Custom H-D Roadking

Bryan Fuller's Road Warrior Road King

If Mad Max rode a Harley, this would be his bike of choice.

The high performance/racing elements of this bike were nailed all the way down to the minor details like safety wiring the ARP fasteners.

Not sure where the idea to use Hemi valve covers for saddlebag lids came from, but it works.

The custom fender mounts Bryan made fit this bike perfectly-minimal yet functional.

I met the owner of this bike, Gordon Erickson, through Kirk Taylor at the Specialty Equipment Market Association (SEMA) event this past year in Las Vegas. Gordon was moving to Atlanta, and needed someone to keep an eye on his bikes from time to time. After seeing my Kawasabi bike I built at the local World of Wheels show, Gordon decided it was time to start a project in the ATL. We went through some options: Bobber, chopper, Buell custom...probably some others, too. Then the subject of how hot baggers have been recently came up, and Gordon's '01 Road King became the dominant topic of the conversation. Gordon had ridden the bike to Sturgis from Northern California a year or two ago. It ran great, but was lacking in the looks department.

The first two orders of business were to lighten up the front with a sport bike frontend and turn some Hemi valve covers into saddlebag tops. A Suzuki GSXR frontend and a pair of Keith Black Hemi Valve Covers were located at the local Internet auto supply house. We had to make spacers to get the Suzuki discs and rotors to work, and Neil Richardson made some new triple trees out of a couple of chunks of aluminum. Keeping with the high performance theme we used Automotive Racing Products (ARP) fasteners throughout the bike in order to keep everything bulletproof. The bags were made from scratch out of .080-inch 3003 aluminum by hand. Then the Hemi valve covers we were using for the lids had to have about 1/4-inch shaved off for proportion. Stainless steel hinges were fabbed for the lids, and the extra magnesium ended up as the bottom outside. I rough-shaped the bags, while Ben Boyle made the surrounding parts including the custom bent Nerf bars.

We came up with the idea of using the Road King to create a lighter, faster, meaner, sportier, and more menacing version of the old original. There were already some really good components on the bike, so we decided to keep most of its running gear in place. There was already a 200mm Metzeler mounted on a 18x8.5-inch rear wheel, a 2-inch lowering kit in the rear, and the Black Bike wheels looked good with the twisted spokes and black as oil rims. The engine was also already hopped up, as it had been stroked out to 106ci with S&S; components. All good pieces, so why not turn them into a pie?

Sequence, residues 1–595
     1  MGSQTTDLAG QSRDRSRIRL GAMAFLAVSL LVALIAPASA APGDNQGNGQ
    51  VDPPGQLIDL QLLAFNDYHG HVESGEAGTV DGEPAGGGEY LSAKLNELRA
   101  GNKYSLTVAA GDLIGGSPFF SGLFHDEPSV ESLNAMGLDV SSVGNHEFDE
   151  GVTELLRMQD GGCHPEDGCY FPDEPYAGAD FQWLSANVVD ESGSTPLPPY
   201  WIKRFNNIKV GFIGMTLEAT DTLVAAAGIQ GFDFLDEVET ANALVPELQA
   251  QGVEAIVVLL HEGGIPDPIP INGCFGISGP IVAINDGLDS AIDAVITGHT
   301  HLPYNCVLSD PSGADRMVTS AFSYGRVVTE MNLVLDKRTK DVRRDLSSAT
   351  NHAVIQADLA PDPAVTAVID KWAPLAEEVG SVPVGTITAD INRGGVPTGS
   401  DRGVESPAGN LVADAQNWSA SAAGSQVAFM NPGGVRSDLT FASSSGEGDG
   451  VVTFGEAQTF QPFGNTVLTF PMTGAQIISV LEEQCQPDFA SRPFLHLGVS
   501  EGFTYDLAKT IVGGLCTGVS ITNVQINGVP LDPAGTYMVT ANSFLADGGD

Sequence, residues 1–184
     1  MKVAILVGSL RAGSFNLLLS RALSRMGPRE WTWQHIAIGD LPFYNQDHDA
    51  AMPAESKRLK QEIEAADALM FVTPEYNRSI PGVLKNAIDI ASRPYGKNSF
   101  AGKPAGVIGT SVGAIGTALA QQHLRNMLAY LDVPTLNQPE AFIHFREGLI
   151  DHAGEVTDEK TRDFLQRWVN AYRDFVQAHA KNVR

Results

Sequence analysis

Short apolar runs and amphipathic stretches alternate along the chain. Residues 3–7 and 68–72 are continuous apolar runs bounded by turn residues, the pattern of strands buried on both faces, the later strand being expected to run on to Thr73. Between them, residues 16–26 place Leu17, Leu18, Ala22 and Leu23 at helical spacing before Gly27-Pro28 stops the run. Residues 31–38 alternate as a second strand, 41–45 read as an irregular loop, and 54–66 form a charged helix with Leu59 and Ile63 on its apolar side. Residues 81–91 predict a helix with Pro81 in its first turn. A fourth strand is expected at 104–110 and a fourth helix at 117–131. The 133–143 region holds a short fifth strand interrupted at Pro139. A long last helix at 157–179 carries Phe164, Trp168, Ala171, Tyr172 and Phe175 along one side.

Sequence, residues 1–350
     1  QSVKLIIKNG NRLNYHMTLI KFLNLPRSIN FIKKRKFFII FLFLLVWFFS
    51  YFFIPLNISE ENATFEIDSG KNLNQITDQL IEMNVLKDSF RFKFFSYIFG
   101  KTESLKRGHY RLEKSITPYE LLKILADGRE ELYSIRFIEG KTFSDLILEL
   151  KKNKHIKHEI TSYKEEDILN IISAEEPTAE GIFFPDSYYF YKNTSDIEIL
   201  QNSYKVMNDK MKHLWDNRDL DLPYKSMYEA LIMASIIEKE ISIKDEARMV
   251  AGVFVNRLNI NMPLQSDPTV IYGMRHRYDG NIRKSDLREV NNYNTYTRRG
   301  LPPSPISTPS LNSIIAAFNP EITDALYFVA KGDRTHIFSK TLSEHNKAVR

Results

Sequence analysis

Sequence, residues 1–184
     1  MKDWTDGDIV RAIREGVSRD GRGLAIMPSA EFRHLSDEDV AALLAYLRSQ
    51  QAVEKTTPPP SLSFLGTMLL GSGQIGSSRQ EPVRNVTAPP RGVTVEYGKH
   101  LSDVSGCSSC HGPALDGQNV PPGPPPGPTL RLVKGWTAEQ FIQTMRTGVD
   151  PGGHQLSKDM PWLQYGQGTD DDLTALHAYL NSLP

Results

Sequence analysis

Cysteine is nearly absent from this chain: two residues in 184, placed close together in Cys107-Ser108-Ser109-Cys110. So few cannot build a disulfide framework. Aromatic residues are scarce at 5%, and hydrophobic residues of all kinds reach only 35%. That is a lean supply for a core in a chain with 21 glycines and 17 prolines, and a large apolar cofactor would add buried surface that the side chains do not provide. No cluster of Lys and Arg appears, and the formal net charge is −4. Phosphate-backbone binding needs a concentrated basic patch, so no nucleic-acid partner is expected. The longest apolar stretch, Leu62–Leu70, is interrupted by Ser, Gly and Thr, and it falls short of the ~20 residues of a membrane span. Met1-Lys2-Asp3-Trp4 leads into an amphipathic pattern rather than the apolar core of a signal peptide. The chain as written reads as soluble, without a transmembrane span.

Putting the GSXR frontend on required making new fender mounts. I took 16-gauge sheet steel and hand-formed those up. They are pretty tricky little guys if you look at the shape carefully; there's not a lot of extra room around the fork where it comes down to the bottom. I also made custom headlight mounts out of stainless steel to mount a Ducati light.

Gordon really wanted to strip the bike of unwanted parts and weight. The front fairing and stereo he had on the bike were removed, crash bar with lights went away, girly pegs vanished, gauges disappeared, and so on. If it wasn't necessary for riding or carrying some stuff, it went away. We estimate we dropped about 150 pounds off the 700-plus platform.

The stock frame neck from Harley is a pretty ugly unit. It actually had a plastic cover...not good. We considered cutting it out, and doing a completely new neck area all together. However, a compromise was made to put lightning holes in the neck instead to visually help the area. We were very pleased with the outcome...much easier than jigging the thing up and making a new one, too!

I thought the bars were kind of unique. Normal Harley bars are mounted onto the triple tree. We mounted ours clip-on style like race bikes usually do. It was just another of the many mixes of race and cruiser techniques we used on the Road Warrior (the name we came up with for this bike). The steering dampner is from a Ducati, as well.

The rear taillight is a weird story. It actually showed up in the top of my toolbox from an unknown source. I'm not sure who actually put it up there; I have some ideas, but am not certain as of this writing! The taillight looked like a cool piece, so I decided to use it regardless of the origin. It turned out to be a Frohoff trailer light from maybe the 1930s; Sam Memmolo, my co-host on Two Guys Garage (a TV show we do) was able to identify it. Sam's quite a knowledgeable dude-even trailers aren't out of his realm!